Reporting should be more than a necessary evil: It’s an opportunity to connect with your Legal Department’s stakeholders and share critical information. This series will address the art and science of reporting by audience. In short, who needs to know what? In the final installment, we will look at the Legal Department itself.
Your report for the Legal Department should be far more than a recap or a to-do list. No one wants more busywork; the report should add value to your colleagues’ work lives by showing how their contributions matter to the organization as a whole.
Indeed, the full department report can deliver many benefits to your Legal Department, with four perks chief among them:
- Visibility. According to the Association of Corporate Counsel, about half of Legal Departments are decentralized; your report may be the only regular communication about the team’s activity. This summary will provide much-needed context about your operations as a whole, and allow team members to spot trends, problematic divisions or regions, and more. It also provides a failsafe should one team member go on vacation or medical leave – or quit; you’ll know the scope and status of his or her assignments.
- Morale. Both your accomplishments and the sheer volume of your work can get lost in the day-to-day shuffle. Putting your work on paper (or on PDF) can be affirming to a team that’s stressed and pressed.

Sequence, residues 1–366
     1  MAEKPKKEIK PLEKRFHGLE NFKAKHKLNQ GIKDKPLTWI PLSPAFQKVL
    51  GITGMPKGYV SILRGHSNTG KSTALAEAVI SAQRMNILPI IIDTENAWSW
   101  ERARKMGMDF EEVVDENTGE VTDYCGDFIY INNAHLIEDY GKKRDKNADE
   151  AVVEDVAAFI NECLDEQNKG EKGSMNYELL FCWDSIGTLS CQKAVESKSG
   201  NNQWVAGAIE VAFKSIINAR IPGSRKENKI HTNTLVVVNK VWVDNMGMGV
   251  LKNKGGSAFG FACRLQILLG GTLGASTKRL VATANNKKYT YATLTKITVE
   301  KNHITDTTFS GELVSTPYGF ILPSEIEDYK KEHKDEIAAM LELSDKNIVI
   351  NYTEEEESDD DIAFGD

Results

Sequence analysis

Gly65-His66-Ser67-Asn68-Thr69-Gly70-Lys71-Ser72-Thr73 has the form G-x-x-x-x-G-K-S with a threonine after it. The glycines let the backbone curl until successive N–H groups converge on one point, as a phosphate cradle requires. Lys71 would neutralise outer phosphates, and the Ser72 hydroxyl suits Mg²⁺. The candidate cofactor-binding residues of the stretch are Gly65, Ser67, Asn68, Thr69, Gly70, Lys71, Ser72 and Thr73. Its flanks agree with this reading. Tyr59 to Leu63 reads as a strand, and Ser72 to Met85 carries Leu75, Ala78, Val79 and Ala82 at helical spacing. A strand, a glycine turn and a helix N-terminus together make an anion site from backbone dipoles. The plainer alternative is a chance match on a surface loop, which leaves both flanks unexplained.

- Knowledge Sharing. Not only can your reports show hotbeds of activity by division or region, they also can be a repository for lessons learned. For example, if one team member deviates from a standard contract position to compromise with a regular business partner, sharing that rationale will educate the rest of the team – saving time renegotiating or reinventing the proverbial wheel.
- Individual Development. By breaking down department activity on the individual level, you can spot workload issues, to be sure; on a higher level, you can ensure projects are appropriate for the individual’s tenure, experience level, et cetera. If you classify matters by complexity and strategic value, you can make sure your top talent isn’t being consumed by simple, low-value work. With the knowledge gained from reports, managers can strategically delegate work to facilitate learning, development and retention.
In short, smart reports can give your people important context, boost their pride, eliminate double-work and promote individual growth and happiness.
So what do these reports look like? Download our white paper, Best-in-Class Legal Reporting, today for recommendations on content, cadence and delivery for your Legal Department reports – and for example documents for all stakeholder audiences. This white paper provides tips on how to measure your activity in meaningful metrics, then how to illustrate your data for maximum clarity and impact.
The good news: legal data analytics software, such as Xakia, can automate this process (and all of your reporting). To learn more, book a demo today.